FARMINGTON — Farmington schools will issue $6.5 million in loans to continue technology initiatives in the district for the next two years.
At its meeting Thursday, Farmington Municipal School District's Board of Education approved selling the educational technology funding loans.
The current property tax — $1.666 per $1,000 net taxable value of a home — will remain the same, said Randy Bondow, the district's assistant superintendent of business and finance.
For a home valued at $150,000, that means $50,000 is taxable, and the homeowner pays a little more than $83 in property taxes annually on the district's technology debt.
The money raised by the loans will fund the Farmington Learning Initiative, a program that provides about 5,200 Apple laptop computers to middle and high school students to use in the classroom and at home.
About $2.35 million will go toward the purchase of 2,850 new Apple MacBook Air laptops.
Charles Thacker, the district's director of technology, said the new computers will replace the current MacBook laptops used by middle school students and accommodate increases in student enrollment. Most of the older MacBooks laptops will be transferred to elementary school students and school staff, like teacher aides, he said.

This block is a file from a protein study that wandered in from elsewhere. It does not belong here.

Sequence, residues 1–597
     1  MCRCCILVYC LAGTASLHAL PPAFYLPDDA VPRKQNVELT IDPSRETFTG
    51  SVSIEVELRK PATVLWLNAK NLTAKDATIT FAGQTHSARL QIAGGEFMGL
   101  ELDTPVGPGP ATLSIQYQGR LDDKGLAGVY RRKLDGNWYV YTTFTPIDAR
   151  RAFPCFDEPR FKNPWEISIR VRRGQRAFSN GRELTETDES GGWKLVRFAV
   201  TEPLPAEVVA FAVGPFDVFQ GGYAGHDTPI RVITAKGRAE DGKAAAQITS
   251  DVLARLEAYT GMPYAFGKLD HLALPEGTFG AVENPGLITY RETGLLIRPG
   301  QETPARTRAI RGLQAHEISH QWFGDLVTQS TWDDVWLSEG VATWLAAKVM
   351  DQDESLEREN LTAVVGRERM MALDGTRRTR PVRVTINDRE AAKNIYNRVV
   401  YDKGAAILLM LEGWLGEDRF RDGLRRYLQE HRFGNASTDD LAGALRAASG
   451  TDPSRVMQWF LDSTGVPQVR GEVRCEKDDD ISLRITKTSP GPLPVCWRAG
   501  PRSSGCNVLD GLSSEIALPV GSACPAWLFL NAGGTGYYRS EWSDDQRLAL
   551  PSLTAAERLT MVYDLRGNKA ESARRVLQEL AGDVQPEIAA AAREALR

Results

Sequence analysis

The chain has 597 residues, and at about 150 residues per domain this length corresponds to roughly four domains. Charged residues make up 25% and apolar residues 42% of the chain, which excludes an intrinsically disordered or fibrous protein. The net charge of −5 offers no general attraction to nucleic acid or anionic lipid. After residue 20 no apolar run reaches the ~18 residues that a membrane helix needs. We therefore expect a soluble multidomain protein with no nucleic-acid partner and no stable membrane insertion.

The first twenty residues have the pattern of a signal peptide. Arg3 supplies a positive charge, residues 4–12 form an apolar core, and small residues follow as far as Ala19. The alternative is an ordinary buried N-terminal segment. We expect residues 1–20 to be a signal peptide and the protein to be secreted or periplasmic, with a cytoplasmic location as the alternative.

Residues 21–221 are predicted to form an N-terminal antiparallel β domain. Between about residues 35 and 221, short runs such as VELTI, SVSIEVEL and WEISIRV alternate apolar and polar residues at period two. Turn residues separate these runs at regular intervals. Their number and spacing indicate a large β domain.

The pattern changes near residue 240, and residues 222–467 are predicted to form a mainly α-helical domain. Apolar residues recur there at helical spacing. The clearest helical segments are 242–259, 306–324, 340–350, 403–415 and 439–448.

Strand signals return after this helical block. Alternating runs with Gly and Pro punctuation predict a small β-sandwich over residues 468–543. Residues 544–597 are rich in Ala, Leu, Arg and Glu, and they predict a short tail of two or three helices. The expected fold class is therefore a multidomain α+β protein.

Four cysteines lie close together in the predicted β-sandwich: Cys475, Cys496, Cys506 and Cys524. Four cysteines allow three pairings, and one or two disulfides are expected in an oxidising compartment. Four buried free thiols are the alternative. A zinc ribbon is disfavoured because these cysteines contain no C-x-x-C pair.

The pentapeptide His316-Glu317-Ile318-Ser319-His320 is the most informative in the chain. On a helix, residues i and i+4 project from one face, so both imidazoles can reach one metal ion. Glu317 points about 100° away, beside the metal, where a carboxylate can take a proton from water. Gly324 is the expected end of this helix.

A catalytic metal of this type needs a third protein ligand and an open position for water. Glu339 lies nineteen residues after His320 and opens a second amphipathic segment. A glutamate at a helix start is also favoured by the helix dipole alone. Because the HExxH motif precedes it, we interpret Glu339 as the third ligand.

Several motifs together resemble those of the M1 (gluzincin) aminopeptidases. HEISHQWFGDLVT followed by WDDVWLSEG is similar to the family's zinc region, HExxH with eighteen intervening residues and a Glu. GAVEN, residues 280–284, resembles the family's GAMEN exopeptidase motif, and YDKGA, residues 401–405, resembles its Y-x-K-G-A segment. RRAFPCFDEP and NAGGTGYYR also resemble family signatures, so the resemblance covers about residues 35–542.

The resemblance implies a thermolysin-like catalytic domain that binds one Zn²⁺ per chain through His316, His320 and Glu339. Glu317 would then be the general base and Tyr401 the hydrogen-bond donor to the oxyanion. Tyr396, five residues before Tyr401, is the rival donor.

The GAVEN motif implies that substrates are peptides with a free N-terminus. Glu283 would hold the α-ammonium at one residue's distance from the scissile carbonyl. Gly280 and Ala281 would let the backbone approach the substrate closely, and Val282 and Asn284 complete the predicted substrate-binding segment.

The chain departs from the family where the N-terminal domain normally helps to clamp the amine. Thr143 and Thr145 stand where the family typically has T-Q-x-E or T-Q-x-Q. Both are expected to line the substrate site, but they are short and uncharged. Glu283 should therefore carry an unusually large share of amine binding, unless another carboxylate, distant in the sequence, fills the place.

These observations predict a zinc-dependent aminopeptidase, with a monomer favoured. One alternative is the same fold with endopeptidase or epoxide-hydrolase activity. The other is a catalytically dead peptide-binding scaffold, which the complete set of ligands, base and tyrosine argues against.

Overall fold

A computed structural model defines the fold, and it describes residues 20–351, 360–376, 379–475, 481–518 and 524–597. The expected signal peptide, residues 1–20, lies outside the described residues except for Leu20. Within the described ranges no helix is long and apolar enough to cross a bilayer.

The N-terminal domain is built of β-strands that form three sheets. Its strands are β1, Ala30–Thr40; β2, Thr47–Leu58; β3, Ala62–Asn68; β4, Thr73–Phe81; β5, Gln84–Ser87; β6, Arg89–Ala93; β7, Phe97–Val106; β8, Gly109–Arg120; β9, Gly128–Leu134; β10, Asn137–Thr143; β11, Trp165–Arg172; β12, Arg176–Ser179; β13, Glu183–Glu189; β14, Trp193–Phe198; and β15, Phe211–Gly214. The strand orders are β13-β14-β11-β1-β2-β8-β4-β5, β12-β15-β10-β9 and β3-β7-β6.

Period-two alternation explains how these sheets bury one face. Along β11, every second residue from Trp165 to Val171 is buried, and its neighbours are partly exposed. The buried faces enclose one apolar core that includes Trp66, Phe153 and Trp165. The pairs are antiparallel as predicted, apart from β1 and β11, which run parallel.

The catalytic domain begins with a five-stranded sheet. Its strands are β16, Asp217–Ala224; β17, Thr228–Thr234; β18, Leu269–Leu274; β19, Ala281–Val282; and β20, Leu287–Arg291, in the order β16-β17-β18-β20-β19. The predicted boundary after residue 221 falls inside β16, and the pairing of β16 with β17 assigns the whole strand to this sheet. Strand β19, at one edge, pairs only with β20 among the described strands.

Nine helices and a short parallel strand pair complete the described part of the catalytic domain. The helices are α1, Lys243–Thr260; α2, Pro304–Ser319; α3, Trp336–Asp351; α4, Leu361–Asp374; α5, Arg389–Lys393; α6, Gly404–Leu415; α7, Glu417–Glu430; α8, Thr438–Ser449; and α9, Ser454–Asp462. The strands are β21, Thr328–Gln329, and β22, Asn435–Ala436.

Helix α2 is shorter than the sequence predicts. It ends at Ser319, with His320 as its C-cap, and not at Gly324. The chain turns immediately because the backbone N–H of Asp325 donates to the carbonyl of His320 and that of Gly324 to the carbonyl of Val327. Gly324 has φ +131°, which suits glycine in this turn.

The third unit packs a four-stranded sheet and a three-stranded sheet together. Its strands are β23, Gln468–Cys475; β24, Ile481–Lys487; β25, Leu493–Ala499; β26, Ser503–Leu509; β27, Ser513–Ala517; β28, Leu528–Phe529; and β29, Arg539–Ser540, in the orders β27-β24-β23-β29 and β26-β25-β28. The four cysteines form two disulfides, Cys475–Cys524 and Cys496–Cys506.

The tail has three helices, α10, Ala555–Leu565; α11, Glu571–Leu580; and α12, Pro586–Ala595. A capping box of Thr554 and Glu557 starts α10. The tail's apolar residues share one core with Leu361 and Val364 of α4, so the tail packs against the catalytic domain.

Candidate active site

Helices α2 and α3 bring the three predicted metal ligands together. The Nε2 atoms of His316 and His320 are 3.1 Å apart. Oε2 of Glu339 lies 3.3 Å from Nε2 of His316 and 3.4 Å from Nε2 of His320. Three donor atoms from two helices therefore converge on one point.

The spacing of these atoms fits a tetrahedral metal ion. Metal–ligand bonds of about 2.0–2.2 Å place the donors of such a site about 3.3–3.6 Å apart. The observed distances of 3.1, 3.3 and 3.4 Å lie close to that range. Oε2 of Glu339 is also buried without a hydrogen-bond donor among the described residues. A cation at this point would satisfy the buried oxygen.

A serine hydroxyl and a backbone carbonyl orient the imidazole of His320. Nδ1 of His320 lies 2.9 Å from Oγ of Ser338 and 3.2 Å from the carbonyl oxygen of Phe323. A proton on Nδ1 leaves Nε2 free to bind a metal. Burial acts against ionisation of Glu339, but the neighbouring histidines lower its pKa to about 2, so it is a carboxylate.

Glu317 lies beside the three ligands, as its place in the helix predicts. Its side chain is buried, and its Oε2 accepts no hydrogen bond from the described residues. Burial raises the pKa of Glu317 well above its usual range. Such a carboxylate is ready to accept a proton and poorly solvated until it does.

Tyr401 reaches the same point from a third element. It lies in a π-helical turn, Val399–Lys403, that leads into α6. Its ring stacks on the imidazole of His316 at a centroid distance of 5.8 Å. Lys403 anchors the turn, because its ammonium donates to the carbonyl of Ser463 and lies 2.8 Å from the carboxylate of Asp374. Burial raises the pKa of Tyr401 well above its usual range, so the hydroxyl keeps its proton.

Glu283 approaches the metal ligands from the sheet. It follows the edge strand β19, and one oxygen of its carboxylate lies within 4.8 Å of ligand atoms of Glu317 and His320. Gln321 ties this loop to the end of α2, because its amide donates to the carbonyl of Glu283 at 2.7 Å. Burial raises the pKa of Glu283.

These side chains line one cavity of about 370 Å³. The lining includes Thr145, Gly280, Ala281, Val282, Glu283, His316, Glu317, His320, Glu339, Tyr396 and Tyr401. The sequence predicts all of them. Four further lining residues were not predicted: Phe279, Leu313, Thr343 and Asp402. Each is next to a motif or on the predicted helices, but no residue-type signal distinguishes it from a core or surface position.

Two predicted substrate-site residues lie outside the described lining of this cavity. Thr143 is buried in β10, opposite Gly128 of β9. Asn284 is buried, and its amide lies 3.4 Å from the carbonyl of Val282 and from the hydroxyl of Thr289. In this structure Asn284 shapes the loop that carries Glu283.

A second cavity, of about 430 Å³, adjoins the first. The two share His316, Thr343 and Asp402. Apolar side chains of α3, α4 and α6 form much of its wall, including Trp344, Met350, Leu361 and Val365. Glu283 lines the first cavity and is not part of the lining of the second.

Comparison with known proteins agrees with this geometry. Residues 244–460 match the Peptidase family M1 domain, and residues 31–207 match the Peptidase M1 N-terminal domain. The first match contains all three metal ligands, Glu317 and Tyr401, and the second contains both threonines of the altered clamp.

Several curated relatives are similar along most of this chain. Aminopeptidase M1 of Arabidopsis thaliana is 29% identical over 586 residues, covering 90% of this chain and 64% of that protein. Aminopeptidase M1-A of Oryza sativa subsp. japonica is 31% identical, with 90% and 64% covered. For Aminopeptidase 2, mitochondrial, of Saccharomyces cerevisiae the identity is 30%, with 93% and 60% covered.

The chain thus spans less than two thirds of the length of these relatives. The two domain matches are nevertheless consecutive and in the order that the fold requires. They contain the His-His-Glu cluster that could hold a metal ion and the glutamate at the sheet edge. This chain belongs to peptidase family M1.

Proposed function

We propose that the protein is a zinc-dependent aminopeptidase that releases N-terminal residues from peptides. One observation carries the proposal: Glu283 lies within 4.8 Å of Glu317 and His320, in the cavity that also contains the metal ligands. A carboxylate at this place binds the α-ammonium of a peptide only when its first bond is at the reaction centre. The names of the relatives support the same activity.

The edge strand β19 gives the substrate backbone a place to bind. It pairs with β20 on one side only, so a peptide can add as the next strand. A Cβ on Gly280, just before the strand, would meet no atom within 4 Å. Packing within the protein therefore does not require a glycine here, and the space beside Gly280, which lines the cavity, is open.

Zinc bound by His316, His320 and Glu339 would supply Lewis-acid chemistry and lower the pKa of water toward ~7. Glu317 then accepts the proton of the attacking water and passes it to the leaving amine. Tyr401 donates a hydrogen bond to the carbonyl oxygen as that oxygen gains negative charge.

Also at the meeting, the board approved renovations for the Heights Middle School gym.
About $354,800 in renovation work will be completed on the gym lobby, gym restrooms and two classrooms at the school.
Funding for the project comes from the $50 million 2010 bond election. Construction is expected to start when the current school year ends.
Included in the renovation work is about $20,000 to test whether asbestos is present at the school, and, if so, to remove it from the building.
The bathrooms will be renovated as crews test for and remove asbestos, said the district's chief of operations, Ted Lasiewicz.
New fixtures and stalls will be installed after the asbestos work is completed.
"One firm tests for it, one remediates it and another firm verifies that it was removed correctly before we begin the renovation process," Lasiewicz said.
The two renovated classrooms will house life skills classes, and crews will install new stoves, dishwashers and refrigerators for students to use.